The agency of the U.S. Treasury Department that enforces sanctions on Cuba says a company in Vancouver, Wash., has agreed to pay $1.35 million to settle apparent violations from 2006 to 2009.
The Great Western Malting Co. could have been fined nearly $6 million for having handled the back-office functions for a foreign affiliate that sold non-U.S. barley malt to Cuba, according to the Office of Foreign Assets Control (OFAC).
Some of the transactions, from August 2006 to March 2009, involved people in Cuba and a Cuban ship, OFAC added, without identifying the foreign affiliate, the people, or the vessel.
The case was settled for $1.35 million because Great Western has no prior sanctions violations, it “substantially cooperated” with the investigators, and the malt would have been eligible for an OFAC license if shipped from the United States, the agency added.
U.S. laws allow the sale of agricultural goods to Cuba. Those sales totaled $347 million in 2011 and stood at $186 million for the first four months of this year. U.S. exports to the island hit a record of $710 million in 2008.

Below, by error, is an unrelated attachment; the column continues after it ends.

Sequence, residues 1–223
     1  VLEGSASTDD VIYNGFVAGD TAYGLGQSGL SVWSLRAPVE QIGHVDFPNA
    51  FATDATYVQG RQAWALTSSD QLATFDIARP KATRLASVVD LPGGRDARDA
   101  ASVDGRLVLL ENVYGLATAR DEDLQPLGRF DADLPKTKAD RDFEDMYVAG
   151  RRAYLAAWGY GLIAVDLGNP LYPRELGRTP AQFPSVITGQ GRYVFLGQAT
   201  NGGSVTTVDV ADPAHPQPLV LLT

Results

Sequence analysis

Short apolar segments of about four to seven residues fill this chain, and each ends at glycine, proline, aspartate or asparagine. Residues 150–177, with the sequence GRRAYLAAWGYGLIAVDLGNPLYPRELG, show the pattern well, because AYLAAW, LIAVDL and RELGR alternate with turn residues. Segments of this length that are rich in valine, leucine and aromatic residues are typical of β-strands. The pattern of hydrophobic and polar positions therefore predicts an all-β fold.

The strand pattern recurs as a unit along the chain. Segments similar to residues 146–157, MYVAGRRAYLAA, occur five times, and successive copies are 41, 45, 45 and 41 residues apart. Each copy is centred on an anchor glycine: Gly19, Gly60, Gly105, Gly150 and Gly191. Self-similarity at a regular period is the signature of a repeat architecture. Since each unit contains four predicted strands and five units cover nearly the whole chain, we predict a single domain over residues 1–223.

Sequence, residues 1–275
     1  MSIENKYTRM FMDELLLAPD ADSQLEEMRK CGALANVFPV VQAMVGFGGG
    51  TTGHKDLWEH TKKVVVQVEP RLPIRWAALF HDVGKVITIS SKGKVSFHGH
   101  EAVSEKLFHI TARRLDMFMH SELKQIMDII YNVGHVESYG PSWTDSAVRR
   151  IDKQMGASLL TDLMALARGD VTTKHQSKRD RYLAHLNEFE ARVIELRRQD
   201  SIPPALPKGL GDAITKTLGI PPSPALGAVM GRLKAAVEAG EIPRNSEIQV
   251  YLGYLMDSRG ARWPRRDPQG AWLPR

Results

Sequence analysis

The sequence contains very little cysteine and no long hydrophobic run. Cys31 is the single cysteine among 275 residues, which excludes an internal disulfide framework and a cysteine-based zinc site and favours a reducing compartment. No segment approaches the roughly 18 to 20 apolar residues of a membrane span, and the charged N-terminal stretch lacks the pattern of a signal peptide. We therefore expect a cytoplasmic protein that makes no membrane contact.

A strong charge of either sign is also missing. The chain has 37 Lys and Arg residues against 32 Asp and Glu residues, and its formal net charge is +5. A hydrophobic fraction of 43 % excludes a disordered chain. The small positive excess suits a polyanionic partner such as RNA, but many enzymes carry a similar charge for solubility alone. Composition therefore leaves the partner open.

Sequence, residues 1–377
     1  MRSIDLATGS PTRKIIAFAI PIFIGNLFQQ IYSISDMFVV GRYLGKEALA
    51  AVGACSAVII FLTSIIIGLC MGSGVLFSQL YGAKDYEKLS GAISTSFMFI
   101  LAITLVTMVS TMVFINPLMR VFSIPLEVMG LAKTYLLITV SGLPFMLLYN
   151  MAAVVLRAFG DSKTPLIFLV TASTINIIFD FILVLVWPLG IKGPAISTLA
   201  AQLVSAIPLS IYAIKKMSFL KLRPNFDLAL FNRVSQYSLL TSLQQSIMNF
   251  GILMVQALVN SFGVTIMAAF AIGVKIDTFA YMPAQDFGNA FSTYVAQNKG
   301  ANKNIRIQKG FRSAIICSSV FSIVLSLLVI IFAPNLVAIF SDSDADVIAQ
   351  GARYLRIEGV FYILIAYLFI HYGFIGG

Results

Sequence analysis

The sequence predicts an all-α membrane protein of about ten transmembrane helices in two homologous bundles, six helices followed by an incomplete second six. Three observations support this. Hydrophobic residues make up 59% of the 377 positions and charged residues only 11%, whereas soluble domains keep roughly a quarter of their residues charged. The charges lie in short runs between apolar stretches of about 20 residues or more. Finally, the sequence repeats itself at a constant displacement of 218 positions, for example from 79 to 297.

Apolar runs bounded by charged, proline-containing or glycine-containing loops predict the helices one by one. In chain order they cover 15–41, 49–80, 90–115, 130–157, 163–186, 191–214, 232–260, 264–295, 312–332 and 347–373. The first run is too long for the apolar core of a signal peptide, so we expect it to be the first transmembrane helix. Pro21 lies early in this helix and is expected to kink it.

The OFAC statement described Great Western, which produces malt for brewers, distillers, and the food industry, as “a large, sophisticated entity” but added that it “did not have an adequate OFAC compliance program in place at the time of the violations.”
The Cuban government’s CubaDebate Web page described the OFAC sanction on Great Western as a U.S. government “reaffirmation of its policy of economic, commercial and financial blockade against Cuba.”
ING bank in the Netherlands was fined $619 million and the Panama branch of the Ericsson telephone company paid $1.75 million this year for violating the U.S. sanctions on the island, the page noted.
Cuba has suffered $975 billion in damages from the U.S. trade embargo since it was adopted in 1962, the report added.